Disabled people with the highest support needs will lose 19 times more than the average person as a result of “devastating” government cuts to services and benefits, according to a new report.{jcomments on}

{EMBOT SUBSCRIPTION=5,6}The report, A Fair Society? How the Cuts Target Disabled People, accuses the government of aiming the bulk of its cuts at areas that are “least likely to cause embarrassment” to MPs, even though these are areas that are “likely to be most socially damaging”.

The report, written for The Campaign for a Fair Society (CFS) – an alliance of disabled people and disability organisations – says that cuts to English local government and benefits make up more than half of all the coalition’s cuts, even though they represent only about a quarter of central government spending.

Because government cuts have been targeted on local government, the report argues, and more than three-fifths of council spending is on social care, the cuts “are not fair but targeted, and they target people in poverty, disabled people and their families”.

Jim Elder-Woodward, a leading disabled campaigner and chair of CFS’s UK steering group, said the report showed the government was targeting disabled people and those on welfare and that the cuts were “unjustified, unfair and extremely dangerous”.

He said: “There are much more humane ways of cutting the deficit, other than cutting the lifelines to so many vulnerable people.”

And he accused the government of “vilifying and stigmatising” those on welfare as “lazy scroungers” and “scoundrels, crooks and n’er-do-wells”.

Dr Simon Duffy, director of The Centre for Welfare Reform, who wrote the report, suggested that spending on social care would be cut by as much as 50 per cent by 2018.

He says in the report: “It is difficult to overstate the problem here. These kinds of cuts (cuts to services that have historically always been under-funded) are devastating.”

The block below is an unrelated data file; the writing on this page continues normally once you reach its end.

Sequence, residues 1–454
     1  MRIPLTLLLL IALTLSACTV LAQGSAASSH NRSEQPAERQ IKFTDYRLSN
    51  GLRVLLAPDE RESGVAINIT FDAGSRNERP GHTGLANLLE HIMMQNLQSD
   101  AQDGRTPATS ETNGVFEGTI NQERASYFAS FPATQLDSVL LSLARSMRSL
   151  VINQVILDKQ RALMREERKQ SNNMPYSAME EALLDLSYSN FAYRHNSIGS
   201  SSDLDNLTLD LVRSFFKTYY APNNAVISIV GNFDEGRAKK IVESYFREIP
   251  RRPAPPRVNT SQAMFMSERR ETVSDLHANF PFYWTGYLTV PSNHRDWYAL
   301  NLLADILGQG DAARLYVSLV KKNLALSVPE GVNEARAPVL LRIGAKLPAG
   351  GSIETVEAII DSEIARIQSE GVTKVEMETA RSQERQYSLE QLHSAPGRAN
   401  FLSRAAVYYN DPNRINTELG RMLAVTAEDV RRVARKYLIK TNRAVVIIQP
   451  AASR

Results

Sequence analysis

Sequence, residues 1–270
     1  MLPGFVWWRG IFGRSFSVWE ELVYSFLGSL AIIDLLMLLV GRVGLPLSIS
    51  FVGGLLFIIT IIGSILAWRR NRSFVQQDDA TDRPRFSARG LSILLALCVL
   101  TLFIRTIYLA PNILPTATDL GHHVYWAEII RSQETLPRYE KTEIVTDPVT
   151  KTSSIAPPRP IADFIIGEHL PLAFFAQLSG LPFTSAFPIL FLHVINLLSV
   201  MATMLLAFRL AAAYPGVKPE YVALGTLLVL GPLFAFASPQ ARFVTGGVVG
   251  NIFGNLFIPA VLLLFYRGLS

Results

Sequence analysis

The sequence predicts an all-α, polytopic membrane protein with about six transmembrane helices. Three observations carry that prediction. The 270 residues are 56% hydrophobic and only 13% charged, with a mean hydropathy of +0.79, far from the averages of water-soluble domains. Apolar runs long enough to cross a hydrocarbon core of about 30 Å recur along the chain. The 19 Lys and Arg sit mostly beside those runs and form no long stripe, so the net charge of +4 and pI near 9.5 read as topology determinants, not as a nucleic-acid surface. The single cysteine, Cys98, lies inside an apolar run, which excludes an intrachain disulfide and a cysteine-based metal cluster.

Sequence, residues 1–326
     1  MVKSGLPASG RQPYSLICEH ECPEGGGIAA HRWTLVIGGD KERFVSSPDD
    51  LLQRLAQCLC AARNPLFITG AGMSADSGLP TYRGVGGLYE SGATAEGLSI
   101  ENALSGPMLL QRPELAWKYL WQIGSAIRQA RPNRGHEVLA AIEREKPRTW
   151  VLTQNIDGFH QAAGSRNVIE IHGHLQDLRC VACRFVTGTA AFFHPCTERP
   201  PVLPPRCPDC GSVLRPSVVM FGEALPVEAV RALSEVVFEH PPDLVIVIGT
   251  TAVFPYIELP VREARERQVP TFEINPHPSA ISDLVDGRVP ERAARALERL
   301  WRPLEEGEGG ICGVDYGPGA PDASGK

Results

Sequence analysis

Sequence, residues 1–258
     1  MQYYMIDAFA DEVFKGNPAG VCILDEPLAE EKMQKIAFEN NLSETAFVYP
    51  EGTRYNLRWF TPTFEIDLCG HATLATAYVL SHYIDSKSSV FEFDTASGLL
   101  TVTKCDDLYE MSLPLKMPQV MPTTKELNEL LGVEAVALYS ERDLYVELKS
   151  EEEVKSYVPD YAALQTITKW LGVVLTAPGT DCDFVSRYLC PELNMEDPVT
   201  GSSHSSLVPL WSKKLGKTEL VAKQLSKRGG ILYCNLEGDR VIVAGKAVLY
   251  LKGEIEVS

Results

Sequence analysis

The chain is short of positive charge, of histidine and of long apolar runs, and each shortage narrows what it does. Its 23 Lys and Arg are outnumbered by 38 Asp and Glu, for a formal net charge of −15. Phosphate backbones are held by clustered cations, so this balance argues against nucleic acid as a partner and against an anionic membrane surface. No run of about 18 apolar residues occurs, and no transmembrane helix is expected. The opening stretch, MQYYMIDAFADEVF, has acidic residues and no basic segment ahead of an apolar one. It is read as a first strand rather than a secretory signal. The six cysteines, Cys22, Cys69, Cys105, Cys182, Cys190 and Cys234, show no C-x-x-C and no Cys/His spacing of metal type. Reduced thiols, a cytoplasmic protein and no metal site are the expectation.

The report points to cuts to funding for voluntary organisations, care and support and supported housing, and benefit cuts such as the closure of the Independent Living Fund, cuts to disability living allowance spending as it is replaced by personal independence payment, and the time-limiting and means-testing of employment and support allowance.

Duffy calculates that the poorest 21 per cent of the population will bear 39 per cent of the government’s cuts, while disabled people (eight per cent of the population) will bear 29 per cent of the cuts, and disabled people with the highest support needs (two per cent of the population) will bear 15 per cent of the cuts.

He says the combination of cuts to benefits and services means disabled people will lose an average £4,410 per person – nine times more than the burden placed on the average person.

And the two per cent with the highest support needs will lose an average of £8,832 per person – 19 times more than the burden placed on the average person.

The report repeats the call by opposition MPs and many disabled activists for the government to carry out an assessment of the cumulative impact of all of its cuts on disabled people.

It also calls for a halt to the cuts and a fairer and more sustainable welfare system.

Meanwhile, a new report by five disability charities – Scope, Mencap, National Autistic Society, Sense and Leonard Cheshire Disability – says the social care system for working-age disabled adults is underfunded by at least £1.2 billion a year.

A survey of more than 600 disabled adults for the report found over a third (36 per cent) said that – because of the withdrawal of funding for their support – they were unable to fulfil basic personal care tasks such as washing once a day, getting dressed or leaving the house.

One in three said they had fallen into debt in order to pay for their care.

Research commissioned by Scope suggested that an anticipated government decision to restrict council-funded care to those with “substantial” needs – as part of its new care and support reforms – would mean more than 100,000 people with “moderate” needs would be at risk of not getting the basic support they needed to help them eat, wash and leave their homes.

Setting the eligibility threshold at the “moderate” level of need – rather than substantial – for working-age disabled people would cost an extra £1.2 billion a year, says the report.

News provided by John Pring at www.disabilitynewsservice.com


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